The tax applies to about 80 products grain and feed products including corn, rice and DDGs.
WASHINGTON, D.C., U.S. — On Jan. 1, Algeria increased its value added tax (VAT) on some grain and feed products from 7% to 9%, and the standard rate from 17% to 19%, the U.S. Department of Agriculture’s (USDA) Foreign Agricultural Service (FAS) said in a Jan. 22 report.

The 9% rate applies to about 80 products, some of which are grain and feed products such as corn, rice, sorghum, barley, oats, mills by-products (malt, starch, gluten), pasta, couscous, as well as soybean meal, and distiller's dried grains with solubles (DDGs).  Also included are other residues, soybean flour defatted, and mineral vitamin and/or nitrogen concentrate.

According to an Algerian Press Service news release, the Directorate-General of Taxes reports that this change in rates “has no direct impact” on the sales price of dozens of products such as bread, bread flour, milk, medicines, sugar, soy-based oil, fruit and vegetables excluding imported products. As for products not exempt from VAT, the impact on the price is 2%.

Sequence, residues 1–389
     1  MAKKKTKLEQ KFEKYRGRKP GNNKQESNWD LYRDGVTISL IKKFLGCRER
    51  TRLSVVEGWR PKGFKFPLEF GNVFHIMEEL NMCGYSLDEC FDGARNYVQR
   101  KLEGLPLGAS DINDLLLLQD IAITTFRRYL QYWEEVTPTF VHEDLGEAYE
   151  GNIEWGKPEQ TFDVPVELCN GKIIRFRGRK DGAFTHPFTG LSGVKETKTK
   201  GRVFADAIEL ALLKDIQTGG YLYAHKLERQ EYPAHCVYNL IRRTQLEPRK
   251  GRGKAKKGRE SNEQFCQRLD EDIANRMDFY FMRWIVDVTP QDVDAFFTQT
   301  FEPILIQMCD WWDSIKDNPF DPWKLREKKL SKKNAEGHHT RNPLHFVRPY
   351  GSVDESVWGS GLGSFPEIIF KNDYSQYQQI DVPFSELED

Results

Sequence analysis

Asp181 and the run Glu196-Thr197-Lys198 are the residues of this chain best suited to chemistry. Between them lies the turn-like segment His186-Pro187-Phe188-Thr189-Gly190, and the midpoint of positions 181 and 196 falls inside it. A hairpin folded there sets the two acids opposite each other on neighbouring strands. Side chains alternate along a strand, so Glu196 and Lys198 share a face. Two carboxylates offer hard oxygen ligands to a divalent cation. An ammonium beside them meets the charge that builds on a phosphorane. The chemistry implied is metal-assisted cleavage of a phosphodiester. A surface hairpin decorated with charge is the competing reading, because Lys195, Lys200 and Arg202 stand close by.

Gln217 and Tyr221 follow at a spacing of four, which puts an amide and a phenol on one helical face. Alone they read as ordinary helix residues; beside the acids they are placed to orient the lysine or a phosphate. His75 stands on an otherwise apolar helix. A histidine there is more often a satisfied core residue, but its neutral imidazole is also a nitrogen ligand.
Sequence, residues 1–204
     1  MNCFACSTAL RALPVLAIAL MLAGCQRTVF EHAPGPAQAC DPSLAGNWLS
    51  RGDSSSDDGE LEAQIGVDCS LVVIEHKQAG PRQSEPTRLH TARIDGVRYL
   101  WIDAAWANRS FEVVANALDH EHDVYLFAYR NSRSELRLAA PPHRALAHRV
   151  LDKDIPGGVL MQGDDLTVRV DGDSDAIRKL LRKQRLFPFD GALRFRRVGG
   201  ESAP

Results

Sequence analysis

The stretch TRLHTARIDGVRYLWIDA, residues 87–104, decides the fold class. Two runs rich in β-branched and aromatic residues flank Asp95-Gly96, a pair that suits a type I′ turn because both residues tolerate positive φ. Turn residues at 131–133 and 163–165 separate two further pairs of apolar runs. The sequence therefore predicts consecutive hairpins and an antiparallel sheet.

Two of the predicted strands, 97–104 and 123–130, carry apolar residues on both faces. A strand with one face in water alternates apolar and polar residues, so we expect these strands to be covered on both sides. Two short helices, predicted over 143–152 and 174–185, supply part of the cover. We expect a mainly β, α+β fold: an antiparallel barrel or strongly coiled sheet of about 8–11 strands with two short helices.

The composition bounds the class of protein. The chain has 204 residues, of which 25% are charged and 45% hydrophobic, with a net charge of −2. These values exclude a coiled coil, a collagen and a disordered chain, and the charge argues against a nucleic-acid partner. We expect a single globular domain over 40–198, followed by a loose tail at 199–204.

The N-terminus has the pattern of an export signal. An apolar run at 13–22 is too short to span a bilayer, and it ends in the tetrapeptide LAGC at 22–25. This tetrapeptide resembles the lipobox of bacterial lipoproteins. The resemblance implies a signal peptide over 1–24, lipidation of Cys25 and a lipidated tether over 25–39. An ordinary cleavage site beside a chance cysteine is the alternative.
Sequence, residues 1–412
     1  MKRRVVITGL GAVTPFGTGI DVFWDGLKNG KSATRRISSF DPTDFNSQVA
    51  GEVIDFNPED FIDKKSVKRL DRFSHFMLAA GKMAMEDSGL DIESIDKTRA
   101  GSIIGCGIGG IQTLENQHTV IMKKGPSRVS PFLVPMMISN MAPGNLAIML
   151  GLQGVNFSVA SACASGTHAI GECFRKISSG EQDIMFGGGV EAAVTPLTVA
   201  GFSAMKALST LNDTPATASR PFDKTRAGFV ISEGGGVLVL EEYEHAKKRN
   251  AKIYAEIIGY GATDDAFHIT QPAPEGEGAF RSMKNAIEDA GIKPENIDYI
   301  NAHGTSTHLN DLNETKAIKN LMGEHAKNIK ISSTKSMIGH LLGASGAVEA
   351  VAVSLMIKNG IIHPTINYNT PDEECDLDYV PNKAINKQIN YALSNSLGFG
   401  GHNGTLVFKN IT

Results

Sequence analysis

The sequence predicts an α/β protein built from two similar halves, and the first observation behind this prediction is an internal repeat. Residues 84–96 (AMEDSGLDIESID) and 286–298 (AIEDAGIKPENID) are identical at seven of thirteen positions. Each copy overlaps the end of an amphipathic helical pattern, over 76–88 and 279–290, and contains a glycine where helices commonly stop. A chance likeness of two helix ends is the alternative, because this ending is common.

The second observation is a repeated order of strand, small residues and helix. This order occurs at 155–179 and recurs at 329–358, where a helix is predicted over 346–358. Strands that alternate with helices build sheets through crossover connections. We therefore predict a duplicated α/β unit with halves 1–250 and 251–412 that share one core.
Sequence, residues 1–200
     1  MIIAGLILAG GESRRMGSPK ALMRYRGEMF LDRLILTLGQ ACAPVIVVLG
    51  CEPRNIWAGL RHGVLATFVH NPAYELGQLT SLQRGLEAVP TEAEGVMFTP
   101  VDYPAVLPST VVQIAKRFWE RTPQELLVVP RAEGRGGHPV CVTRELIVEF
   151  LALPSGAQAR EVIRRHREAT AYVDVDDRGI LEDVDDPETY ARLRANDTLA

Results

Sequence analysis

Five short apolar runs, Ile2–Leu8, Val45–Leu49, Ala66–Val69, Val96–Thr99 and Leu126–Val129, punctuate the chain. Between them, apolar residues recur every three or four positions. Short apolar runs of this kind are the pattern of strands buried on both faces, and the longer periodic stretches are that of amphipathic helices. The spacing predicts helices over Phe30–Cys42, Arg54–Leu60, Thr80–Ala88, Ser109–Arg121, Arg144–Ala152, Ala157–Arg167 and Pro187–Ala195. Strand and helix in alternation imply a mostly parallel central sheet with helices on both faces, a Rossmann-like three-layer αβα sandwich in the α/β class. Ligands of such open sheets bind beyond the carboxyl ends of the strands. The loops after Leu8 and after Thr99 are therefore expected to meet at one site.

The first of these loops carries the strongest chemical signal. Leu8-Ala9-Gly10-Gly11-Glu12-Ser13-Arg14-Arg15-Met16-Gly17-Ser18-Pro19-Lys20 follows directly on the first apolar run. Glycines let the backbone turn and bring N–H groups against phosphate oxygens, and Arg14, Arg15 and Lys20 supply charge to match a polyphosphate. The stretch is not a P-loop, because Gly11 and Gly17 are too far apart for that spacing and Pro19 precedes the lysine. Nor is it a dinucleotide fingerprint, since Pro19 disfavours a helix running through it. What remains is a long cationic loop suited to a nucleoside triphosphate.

The increase in VAT likely will have the effect of slowing the pace of imports of many products. Wheat is not on the list of products to be affected by the increase as it remains exempted from VAT. The increase in VAT for affected products is part and parcel of Algeria’s goal to reduce imports. Whether the government’s new VAT regime will have the intended effect is unknown.

Algeria’s decline in rainfall and the increase in temperatures in October and November affected many sectors, particularly cereal farmers, who are in rainfall dependent regions, the report said.

A recent FAO report indicated that only about 20% of normal rainfall fell in September and October 2016. The lack of precipitation coupled with above-average temperatures, depleted the soil moisture necessary for winter crop planting. Some areas in western and central Algeria suffered from short-term drought. 

According to the report, climatic conditions in Algeria have changed since the beginning of January 2017. Nearly every region has received rain and or snow, which hopefully will relieve farmers’ concerns and mitigate the negative impact of early season dry conditions.